How important do you think is the healing-aspect of a warforged (so that usual magic only heals half its normal amount)? I’m a bit torned about it, as it gives a certain amount of fluff there, but makes partying with a warforged more difficult (which makes the Lord of Blade’s propaganda hit so much more at home).

    • How important do you think is the healing-aspect of a warforged (so that usual magic only heals half its normal amount)?

      There’s a few factors here. The first is that 5E dramatically downplays the importance of healing. Every character has hit dice they can use to heal after a short rest, and every character is completely healed after a long rest. To me, this plays to the idea that for the most part, hit points represent cosmetic damage – that you aren’t seriously injured until you drop below zero hit points. If you have a chance to rest, you get your energy back and you’re ready to fight again. If that’s the case, then healing MAGIC is really more about reinvigorating as opposed to literally healing – and it’s not a big deal if that works on warforged as well as it does on others.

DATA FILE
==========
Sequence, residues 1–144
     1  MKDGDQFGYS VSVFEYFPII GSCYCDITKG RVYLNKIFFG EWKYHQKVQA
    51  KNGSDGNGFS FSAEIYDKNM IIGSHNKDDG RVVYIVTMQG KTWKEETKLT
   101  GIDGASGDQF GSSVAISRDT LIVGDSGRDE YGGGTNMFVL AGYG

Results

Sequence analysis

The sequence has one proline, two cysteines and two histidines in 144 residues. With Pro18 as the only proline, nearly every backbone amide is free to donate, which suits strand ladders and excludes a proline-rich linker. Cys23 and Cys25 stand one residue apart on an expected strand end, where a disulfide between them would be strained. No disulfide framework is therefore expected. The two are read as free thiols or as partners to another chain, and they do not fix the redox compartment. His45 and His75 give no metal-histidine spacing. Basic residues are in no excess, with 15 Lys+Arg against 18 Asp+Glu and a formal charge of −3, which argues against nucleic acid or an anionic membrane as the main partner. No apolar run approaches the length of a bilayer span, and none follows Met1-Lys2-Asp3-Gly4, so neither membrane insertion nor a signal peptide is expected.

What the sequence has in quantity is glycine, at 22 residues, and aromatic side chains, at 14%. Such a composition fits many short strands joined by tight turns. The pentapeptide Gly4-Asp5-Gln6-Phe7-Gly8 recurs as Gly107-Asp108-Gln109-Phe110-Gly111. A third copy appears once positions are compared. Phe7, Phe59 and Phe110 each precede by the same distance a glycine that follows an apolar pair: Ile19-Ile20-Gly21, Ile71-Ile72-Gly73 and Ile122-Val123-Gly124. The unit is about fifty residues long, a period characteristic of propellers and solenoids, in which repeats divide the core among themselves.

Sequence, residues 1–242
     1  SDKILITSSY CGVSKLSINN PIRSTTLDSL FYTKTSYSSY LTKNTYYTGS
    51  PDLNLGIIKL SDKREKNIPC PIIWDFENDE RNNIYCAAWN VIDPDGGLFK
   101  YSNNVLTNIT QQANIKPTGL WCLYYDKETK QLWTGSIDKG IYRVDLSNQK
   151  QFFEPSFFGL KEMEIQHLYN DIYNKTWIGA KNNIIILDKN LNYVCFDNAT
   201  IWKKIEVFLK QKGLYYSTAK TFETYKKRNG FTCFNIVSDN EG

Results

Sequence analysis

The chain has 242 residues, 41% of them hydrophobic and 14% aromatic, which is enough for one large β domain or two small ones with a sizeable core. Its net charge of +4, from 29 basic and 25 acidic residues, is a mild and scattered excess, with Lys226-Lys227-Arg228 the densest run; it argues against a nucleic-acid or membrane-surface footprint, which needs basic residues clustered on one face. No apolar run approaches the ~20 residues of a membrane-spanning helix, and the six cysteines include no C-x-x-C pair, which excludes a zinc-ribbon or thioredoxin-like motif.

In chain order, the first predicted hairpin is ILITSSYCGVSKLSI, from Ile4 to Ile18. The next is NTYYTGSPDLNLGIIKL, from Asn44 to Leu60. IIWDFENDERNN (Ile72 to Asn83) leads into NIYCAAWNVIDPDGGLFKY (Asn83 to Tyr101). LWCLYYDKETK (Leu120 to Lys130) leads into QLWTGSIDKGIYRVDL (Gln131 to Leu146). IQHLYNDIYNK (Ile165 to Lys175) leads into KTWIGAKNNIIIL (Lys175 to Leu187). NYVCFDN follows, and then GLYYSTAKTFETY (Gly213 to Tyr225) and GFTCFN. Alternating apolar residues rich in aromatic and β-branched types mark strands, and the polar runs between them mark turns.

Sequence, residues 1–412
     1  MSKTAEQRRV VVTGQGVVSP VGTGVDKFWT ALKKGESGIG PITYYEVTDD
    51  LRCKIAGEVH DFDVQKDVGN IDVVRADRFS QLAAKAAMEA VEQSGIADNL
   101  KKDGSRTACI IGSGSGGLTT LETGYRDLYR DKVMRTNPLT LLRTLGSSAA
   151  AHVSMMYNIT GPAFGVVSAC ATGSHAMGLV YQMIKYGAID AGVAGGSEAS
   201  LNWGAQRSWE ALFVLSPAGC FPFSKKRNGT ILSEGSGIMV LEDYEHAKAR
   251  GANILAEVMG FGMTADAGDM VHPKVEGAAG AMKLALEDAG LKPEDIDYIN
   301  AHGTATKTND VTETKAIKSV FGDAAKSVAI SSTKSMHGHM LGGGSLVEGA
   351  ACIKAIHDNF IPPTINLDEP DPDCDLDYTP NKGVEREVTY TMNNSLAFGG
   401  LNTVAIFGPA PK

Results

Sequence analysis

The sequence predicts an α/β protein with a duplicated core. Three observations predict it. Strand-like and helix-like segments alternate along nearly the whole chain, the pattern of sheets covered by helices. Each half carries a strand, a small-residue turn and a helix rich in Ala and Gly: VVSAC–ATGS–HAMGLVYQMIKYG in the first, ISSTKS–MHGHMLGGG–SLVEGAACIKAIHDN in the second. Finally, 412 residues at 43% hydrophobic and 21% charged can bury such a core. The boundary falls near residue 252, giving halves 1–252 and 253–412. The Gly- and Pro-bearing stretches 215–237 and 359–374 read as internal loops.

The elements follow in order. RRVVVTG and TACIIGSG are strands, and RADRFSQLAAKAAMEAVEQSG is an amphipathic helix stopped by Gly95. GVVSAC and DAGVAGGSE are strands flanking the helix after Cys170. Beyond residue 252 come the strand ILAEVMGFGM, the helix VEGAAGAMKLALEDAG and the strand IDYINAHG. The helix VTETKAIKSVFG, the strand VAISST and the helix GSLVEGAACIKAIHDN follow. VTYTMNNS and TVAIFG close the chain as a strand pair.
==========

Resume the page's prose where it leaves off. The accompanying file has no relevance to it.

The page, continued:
Other factors are whether you have an artificer conversion in your campaign – since presence of construct-healing artificers was how you offset the penalty for warforged – and if you feel the warforged version you’re using are significantly powerful enough to require such a limitation.